Last year’s GS7 shattered when I dropped it (oops), and my colleague Luke Lancaster in Sydney said his S8 slipped and slid out from under him, resulting in a bash. With the Galaxy S8’s newer Gorilla Glass 5 topper, time will tell just how often this happens for others, too.

See what happened when we purposely tried to smash it up.

There’s no more physical home button, and honestly? I didn’t miss it at all. The onscreen control you see on pretty much every other Android phone felt completely natural. In fact, going Home on the S8 was faster than going Home on a lightly used S7. By the way, you can swap the placement of the Back and Recents buttons if you want to.

The S8 is the first standard Galaxy S phone (as in, not an Edge or Edge Plus) to have curved sides and the Edge display. You can use it as a kind of speed dial for your frequent apps and contacts, news headlines and so on, which you can call up from any screen (and tweak the tab location so it’s easy for you to grab). You can add a lot of panes in the settings, but I like it best when kept to two — otherwise you waste time trying to find what you’re looking for.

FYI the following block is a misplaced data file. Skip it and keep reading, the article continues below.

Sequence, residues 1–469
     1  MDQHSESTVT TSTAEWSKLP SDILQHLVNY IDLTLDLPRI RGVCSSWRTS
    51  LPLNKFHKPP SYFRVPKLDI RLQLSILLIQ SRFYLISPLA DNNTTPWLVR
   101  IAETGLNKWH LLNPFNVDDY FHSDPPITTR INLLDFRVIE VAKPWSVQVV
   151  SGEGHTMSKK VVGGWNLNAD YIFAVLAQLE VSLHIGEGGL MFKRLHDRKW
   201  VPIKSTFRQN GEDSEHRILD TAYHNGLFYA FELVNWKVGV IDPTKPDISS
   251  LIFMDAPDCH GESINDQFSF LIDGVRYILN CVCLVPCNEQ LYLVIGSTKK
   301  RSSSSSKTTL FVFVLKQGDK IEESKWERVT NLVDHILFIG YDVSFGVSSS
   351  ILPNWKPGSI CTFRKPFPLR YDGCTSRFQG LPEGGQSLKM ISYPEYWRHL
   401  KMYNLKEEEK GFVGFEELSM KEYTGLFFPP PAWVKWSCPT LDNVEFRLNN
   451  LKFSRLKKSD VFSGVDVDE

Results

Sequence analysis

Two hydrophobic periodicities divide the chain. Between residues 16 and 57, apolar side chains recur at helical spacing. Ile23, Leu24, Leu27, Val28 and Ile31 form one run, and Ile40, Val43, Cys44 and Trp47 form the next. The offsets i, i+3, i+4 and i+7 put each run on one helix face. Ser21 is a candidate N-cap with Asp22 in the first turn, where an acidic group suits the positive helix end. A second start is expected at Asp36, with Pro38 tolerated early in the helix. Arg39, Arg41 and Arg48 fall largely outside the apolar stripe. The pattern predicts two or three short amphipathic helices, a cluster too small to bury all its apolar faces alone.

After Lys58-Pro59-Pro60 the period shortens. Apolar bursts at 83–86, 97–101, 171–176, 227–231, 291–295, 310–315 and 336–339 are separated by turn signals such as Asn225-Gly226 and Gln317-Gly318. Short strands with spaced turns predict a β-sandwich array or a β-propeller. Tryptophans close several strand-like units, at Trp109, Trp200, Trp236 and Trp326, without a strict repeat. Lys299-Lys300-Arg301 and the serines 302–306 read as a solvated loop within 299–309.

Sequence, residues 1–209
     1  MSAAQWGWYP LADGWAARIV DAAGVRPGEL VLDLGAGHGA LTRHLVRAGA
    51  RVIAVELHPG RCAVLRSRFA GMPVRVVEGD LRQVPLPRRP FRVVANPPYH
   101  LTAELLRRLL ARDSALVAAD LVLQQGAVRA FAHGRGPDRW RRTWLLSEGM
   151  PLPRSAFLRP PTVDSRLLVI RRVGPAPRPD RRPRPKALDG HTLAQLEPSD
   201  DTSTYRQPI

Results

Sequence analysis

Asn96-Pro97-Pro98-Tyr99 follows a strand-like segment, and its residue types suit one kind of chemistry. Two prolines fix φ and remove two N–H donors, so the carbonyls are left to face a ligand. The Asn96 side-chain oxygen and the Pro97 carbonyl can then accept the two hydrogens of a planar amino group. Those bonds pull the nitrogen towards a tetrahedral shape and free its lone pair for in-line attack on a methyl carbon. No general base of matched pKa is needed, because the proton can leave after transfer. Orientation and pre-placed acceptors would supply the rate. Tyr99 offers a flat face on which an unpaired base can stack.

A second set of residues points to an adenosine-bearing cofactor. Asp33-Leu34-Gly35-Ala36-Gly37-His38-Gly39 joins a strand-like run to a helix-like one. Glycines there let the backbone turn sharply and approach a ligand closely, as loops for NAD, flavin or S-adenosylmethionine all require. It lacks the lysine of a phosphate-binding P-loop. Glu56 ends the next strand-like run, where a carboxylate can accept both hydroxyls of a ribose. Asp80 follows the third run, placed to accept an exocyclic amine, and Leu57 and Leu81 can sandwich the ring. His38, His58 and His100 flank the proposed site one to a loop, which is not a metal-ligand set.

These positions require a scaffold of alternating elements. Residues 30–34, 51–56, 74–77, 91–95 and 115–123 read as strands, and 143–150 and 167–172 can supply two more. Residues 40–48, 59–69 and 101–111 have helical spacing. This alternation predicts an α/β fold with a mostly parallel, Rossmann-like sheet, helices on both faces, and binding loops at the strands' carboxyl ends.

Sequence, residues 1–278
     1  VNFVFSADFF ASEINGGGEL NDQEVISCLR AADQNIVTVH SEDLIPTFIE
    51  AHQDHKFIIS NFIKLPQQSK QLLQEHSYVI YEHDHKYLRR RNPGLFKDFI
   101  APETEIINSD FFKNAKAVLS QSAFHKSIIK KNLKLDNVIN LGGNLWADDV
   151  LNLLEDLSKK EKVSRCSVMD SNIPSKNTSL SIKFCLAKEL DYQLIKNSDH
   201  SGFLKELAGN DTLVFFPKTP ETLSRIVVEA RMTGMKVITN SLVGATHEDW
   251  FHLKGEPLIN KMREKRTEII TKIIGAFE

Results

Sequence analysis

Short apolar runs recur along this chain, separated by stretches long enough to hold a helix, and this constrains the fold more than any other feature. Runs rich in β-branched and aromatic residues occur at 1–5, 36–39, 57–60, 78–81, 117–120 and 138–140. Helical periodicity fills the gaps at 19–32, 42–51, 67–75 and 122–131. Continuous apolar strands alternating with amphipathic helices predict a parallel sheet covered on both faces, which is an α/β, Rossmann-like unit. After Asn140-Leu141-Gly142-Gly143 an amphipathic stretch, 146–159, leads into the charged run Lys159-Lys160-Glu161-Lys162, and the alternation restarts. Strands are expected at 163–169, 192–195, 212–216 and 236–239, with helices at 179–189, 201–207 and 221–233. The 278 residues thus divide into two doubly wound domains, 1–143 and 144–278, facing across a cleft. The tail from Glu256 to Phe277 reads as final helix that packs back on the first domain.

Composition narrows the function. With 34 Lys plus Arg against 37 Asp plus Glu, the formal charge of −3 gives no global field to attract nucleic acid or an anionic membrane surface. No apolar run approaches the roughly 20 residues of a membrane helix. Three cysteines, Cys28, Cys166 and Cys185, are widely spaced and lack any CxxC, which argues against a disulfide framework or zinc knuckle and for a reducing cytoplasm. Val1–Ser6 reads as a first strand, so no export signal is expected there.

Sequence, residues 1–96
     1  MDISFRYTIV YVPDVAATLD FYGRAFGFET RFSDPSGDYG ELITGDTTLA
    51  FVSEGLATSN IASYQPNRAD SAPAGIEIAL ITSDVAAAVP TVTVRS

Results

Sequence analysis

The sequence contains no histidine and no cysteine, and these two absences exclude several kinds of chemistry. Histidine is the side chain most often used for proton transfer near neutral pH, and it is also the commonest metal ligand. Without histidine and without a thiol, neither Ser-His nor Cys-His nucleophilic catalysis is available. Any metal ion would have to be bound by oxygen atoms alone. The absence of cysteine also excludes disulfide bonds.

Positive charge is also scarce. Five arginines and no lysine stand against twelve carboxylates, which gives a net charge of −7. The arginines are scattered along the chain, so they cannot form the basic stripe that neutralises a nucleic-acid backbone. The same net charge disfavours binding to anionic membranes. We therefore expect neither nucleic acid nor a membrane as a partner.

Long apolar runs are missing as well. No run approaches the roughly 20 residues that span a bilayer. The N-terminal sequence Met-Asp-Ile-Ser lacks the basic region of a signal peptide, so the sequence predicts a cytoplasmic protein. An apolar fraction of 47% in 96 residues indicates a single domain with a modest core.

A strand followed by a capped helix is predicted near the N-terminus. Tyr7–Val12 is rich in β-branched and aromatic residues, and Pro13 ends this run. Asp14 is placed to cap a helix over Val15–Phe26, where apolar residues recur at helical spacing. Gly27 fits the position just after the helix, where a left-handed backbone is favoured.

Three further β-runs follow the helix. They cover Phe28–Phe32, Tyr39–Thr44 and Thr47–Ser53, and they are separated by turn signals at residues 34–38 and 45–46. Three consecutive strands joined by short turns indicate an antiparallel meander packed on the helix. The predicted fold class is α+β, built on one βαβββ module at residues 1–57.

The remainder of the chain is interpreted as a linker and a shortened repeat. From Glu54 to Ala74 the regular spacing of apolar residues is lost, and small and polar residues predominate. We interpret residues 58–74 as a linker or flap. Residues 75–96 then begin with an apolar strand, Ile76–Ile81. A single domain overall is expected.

Oh, one more thing about the screen. It’s a very high-resolution, 2,960×1,440-pixel display, and that makes text, images and video absolutely pop, even in direct sunlight. You should know, though, that the off-standard dimension means you’ll have to either be cool with black bars on the sides of videos you play (called pillarboxing), or you’ll need to tap a screen control to crop-to-fit. In some videos, doing so reduced image quality. At other times, it looked just as good.

The S8 falters when you give it the finger(print)


That fingerprint reader is mighty close to the camera.


My biggest problem with the phone design is the fingerprint reader, which moved from the home button on the S7’s front face to a narrow strip on its backing that looks a lot like a Tic Tac, just left of the camera mount. I have no idea what Samsung was thinking putting it here. Other rear-mounted fingerprint sensors, such as the LG G6 and Google Pixel, are closer to the middle center of the phone’s body, well clear of the camera and flash. They’re round and easier to completely cover with your fingertip.